We obtained a report from a chartered surveyor detailing the defects to the property and what works were required, then sent this to the landlord. The tenant’s landlord failed to respond, so court proceedings were issued. At court, the landlord was found liable for the damage. We secured an injunction for the repairs and compensation, plus the payment of our client’s legal fees.
In a group action claim, our clients were a group of residents of a London social landlord. They had suffered a lack of heating and hot water in their homes for several years.
Our housing team were instructed to help and were able to secure a settlement in excess of £100,000 for the residents, together with an agreement to carry out works to repair their properties.
Our client had suffered with water penetration, damp, mould growth, electrical issues and blocked drains throughout their tenancy. A Letter of Claim was sent to their landlord, followed by the instruction of an independent Chartered Surveyor.
The surveyor confirmed that there was serious disrepair to the property and that the landlord was in breach of their repairing obligations and their duty of care. The property was not reasonably suitable for human habitation and failed to meet hazard standards.
A copy of the report was sent to the landlord requiring them to agree to carry out the necessary works and compensate our client. Our client’s landlord failed to respond and accordingly we issued court proceedings against them. The landlord initially tried to defend the claim, but we negotiated full repairs, compensation and payment of our client’s legal fees.
Our client had a long standing issue of damp affecting their bedroom wall. Although works had been carried out previously, the damp returned soon afterwards, causing staining, mould growth and damage to our client’s belongings, including their bedding, soft furnishings and clothing.
A Letter of Claim was sent to the landlord followed by the instruction of an independent Chartered Surveyor. The surveyor confirmed that the damp was due to a defect of the cavity wall. They concluded that our client’s landlord was in breach of their repairing obligations and in breach of their duty of care.
A copy of the report was sent to the landlord requiring them to agree to carry out the necessary works and compensate our client. They initially refused to agree to these works, preferring the findings of their own surveyor. After further negotiations, the landlord eventually conceded and agreed to carry out the repairs and pay compensation.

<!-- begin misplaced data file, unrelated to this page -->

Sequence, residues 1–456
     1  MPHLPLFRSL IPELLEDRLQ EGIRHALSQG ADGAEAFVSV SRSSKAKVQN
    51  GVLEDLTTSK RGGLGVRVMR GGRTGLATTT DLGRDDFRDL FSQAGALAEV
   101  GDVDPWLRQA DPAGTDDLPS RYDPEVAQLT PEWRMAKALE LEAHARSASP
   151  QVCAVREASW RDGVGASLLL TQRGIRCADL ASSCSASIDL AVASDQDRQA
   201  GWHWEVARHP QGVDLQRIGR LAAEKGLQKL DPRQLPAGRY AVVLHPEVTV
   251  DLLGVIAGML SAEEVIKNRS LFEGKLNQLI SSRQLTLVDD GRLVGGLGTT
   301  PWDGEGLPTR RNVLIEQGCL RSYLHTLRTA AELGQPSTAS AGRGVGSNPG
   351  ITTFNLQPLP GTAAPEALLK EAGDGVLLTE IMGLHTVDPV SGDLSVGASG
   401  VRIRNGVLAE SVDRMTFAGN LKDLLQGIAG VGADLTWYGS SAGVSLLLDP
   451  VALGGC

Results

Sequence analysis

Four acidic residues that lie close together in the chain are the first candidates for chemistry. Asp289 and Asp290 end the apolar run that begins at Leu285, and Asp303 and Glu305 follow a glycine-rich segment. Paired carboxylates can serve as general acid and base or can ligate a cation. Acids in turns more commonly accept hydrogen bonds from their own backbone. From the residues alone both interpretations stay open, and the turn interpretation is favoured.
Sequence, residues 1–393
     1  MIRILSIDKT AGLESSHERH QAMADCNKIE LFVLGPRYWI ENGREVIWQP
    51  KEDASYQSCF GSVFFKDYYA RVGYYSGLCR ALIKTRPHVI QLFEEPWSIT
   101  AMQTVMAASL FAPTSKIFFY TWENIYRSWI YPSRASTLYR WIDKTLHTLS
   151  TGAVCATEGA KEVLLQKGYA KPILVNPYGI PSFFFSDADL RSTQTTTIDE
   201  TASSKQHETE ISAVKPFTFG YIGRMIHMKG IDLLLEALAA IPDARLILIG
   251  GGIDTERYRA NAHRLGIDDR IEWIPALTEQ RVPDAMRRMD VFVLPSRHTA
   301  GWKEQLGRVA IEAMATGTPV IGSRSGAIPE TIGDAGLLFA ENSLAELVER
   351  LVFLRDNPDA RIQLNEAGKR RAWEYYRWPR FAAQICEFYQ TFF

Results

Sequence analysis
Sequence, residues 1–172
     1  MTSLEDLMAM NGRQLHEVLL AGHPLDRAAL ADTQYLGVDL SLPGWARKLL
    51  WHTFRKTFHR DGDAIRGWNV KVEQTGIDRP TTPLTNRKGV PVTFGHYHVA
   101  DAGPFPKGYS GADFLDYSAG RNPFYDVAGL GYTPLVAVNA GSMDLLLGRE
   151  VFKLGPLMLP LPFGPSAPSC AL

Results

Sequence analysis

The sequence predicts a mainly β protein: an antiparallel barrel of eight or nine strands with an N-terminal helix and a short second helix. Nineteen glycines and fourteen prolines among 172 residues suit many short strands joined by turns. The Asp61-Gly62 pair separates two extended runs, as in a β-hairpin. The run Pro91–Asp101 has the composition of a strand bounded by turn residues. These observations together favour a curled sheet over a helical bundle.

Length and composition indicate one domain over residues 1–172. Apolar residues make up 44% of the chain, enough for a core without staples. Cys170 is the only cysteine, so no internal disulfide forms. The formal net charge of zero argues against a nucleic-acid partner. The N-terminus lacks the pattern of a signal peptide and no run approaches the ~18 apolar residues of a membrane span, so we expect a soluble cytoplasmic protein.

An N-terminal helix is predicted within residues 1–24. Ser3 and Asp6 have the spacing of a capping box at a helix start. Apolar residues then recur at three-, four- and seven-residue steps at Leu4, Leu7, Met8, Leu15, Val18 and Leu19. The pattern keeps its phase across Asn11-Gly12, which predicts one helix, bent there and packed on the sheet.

Our client was a social housing tenant who was recovering from cancer. She first noticed some damp and mould in her home and reported this about 3 years ago. Despite it being cleaned off, it continued to grow back.
It transpired after we instructed an expert surveyor to attend there was an issue with faulty and cracked guttering and this was causing rainwater to leak into her home. The landlord agreed to fix the property’s guttering, carry out all the necessary internal repairs and redecorate.
Our client had a recurring damp issue at her home. This resulted in the property smelling strongly of damp and caused our client distress, inconvenience and embarrassment.
A Letter of Claim was sent to the landlord however the landlord maintained that works had been carried out effectively and there was no further damp affecting the property. We instructed an independent Chartered Surveyor, who confirmed issues with damp and the windows. He concluded that our client’s landlord was in breach of their repairing obligations.
The landlord initially refused further works however following a further inspection by their own expert, they agreed to carry out works to address the damp and upgrade the windows to double glazed windows. They also agreed to pay compensation and our client’s legal costs.
We were instructed by a client who had water penetration, severe damp and mould affecting her home. The damp was so bad that her children could not sleep in the bedroom and were sleeping on the living room floor. An independent expert confirmed the property was not fit for human habitation.
The landlord did not engage with us and so we issued a claim for disrepair in the County Court. They attempted to defend the claim by denying or minimising the disrepair, but later agreed to carry out all works as identified by the independent expert. The claim was subsequently settled with an agreement to do all works, pay our client compensation and pay our legal costs.